NIH-led study to assess community-based Hepatitis C treatment in Washington, D.C.
Officials from the National Institutes of Health and the city of Washington, D.C., launched a clinical trial to examine whether primary care physicians and other health care providers, such as nurse practitioners and physician assistants, can use a new antiviral therapy as effectively as specialist physicians to treat people with hepatitis C virus (HCV) infection. The trial, which will involve 600 adult D.C. residents infected with HCV alone or co-infected with HCV and HIV, also will examine the long-term effects of the treatment.
The study, called ASCEND, is co-sponsored by the NIH’s Clinical Center and National Institute of Allergy and Infectious Diseases (NIAID), with additional support from the NIH Office of AIDS Research. The study is being conducted as part of the D.C. Partnership for HIV/AIDS Progress, a program that aims to reduce the burden of HIV/AIDS and associated diseases, such as hepatitis C, in the District of Columbia.
More than three million people in the U.S. are infected with HCV. If left untreated, the infection can lead to cirrhosis (liver scarring), liver cancer and eventual liver failure. Chronic HCV infections contribute to thousands of deaths each year, and hepatitis C is a leading cause of death for people co-infected with HIV. In the U.S., hepatitis C infection is largely centered in urban areas and disproportionately affects minority, low-income and marginalized populations, such as the homeless and people who inject drugs.
In the past, hepatitis C treatment involved long-term use of oral and injectable medications, some of which had unpleasant side effects, including flu-like symptoms and depression. Because of the complexity of these regimens, hepatitis C treatment has largely been provided by specialist physicians, such as infectious disease specialists and hepatologists. New oral direct-acting antiviral drugs may offer more effective, shorter-duration, curative treatments. In October 2014, the FDA approved a new, once-daily antiviral drug for treatment of hepatitis C infection that combines ledipasvir and sofusbuvir (trade name Harvoni). Gilead Sciences, based in Foster City, Calif., manufactures the drug and is providing it free-of-charge for use in the ASCEND study.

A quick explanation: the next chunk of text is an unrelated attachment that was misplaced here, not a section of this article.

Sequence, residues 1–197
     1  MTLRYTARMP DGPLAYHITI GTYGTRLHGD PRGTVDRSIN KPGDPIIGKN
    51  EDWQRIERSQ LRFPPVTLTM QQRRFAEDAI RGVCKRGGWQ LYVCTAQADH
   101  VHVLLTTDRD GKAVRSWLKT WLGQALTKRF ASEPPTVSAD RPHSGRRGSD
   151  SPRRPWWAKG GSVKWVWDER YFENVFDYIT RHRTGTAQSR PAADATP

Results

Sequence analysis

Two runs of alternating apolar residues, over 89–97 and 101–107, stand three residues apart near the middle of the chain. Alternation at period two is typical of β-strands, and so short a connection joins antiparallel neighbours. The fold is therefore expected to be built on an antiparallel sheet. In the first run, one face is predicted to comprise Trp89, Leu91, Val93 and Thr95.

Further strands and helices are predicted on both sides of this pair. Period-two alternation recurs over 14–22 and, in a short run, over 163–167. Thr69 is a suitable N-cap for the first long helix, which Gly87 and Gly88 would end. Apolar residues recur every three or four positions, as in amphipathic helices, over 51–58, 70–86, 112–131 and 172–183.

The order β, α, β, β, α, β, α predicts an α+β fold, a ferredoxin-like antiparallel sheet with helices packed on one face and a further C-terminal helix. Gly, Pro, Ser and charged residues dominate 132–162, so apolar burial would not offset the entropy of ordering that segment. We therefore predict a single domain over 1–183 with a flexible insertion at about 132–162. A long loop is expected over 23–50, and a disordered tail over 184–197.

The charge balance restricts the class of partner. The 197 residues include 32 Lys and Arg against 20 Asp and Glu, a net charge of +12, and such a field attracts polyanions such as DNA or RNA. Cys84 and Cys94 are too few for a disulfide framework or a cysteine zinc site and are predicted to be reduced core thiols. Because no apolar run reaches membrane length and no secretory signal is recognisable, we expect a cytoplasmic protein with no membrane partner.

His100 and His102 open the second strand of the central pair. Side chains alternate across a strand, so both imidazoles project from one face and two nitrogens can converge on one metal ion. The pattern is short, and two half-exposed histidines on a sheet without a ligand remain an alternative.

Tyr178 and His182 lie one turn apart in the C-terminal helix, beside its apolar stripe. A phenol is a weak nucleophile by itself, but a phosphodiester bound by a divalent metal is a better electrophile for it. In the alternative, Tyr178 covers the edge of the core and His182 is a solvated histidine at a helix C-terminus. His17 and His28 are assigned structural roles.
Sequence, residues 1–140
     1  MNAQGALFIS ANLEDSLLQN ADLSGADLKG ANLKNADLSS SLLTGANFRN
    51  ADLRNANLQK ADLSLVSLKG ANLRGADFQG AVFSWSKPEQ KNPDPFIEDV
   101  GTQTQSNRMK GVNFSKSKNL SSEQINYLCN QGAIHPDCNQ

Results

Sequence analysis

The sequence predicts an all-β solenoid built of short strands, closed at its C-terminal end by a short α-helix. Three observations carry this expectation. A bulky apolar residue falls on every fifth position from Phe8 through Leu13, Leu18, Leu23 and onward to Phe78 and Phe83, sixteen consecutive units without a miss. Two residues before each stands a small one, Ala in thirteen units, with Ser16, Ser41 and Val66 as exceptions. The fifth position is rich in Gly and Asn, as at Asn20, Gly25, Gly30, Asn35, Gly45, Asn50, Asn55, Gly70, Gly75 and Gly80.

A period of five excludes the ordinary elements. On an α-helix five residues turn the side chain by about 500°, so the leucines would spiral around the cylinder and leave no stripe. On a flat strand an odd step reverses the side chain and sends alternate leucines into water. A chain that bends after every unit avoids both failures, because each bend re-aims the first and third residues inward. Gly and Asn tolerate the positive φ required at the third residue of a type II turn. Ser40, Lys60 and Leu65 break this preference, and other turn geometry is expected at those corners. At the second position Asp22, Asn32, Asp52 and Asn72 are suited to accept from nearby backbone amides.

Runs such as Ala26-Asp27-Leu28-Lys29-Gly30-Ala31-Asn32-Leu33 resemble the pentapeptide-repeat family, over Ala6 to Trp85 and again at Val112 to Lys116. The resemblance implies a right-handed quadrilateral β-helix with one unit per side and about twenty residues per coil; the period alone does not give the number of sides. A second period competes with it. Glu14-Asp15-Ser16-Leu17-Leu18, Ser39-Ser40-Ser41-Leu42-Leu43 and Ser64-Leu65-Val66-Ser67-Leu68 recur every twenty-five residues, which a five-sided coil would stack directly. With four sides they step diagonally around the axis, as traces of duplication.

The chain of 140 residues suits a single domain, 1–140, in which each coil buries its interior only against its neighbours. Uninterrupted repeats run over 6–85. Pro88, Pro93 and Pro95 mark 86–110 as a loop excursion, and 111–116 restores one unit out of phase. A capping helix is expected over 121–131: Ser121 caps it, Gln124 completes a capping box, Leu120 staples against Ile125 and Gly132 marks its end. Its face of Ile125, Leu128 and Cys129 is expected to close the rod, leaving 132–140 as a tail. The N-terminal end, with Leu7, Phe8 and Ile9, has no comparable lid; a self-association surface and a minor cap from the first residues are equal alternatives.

“The recent advent of direct-acting antiviral medications has offered promising new treatment options for people who are chronically infected with hepatitis C,” said Anthony S. Fauci, M.D., NIAID director. “These therapies have yielded high cure rates in clinical trials led by specialized care teams. The ASCEND study will help determine whether these medications are similarly effective when administered in an urban, community-based setting.”
Led by Principal Investigator Henry Masur, M.D., chief of the NIH Clinical Center’s Critical Care Medicine Department, and lead associate investigator Sarah Kattakhuzy, M.D., of the University of Maryland’s Institute of Human Virology, the phase IV (post-marketing) ASCEND study aims to enroll approximately 600 D.C. clinic patients with HCV infections or HCV and HIV co-infections.
Of those enrolled, 350 participants will continue treatment with their current specialist, and 250 participants will be assigned to a primary care physician, physician assistant or nurse practitioner for treatment. All participants will take a daily pill of combination ledipasvir (90 milligrams) and sofusbuvir (400 milligrams) for two to six months. Study volunteers will be treated at 11 D.C.-based clinics operated by Unity Health Care and one D.C. clinic run by Family and Medical Counseling Services. Both D.C. health care organizations are active collaborators in the D.C. Partnership for HIV/AIDS Progress.
Participants will be monitored over a 10-year period for short-term and long-term treatment outcomes, including viral response to the drug and evidence of liver damage. The researchers aim to determine whether the type of health care provider administering the treatment influences outcomes. They also will assess the safety of the drug, how well it is tolerated and whether there are differences in outcomes for people infected with both HCV and HIV compared with those with HCV alone. According to the investigators, this study will help advance scale-up of the use of direct-acting antivirals for elimination of chronic HCV infections in certain at-risk groups. The ASCEND study is expected to be completed in 2025.
“This study demonstrates the benefit that research can have on the community,” Masur said. “NIH, community clinics and the D.C. Department of Health are working collaboratively to reduce the impact of a lethal viral disease, hepatitis C, on the population of our nation’s capital.”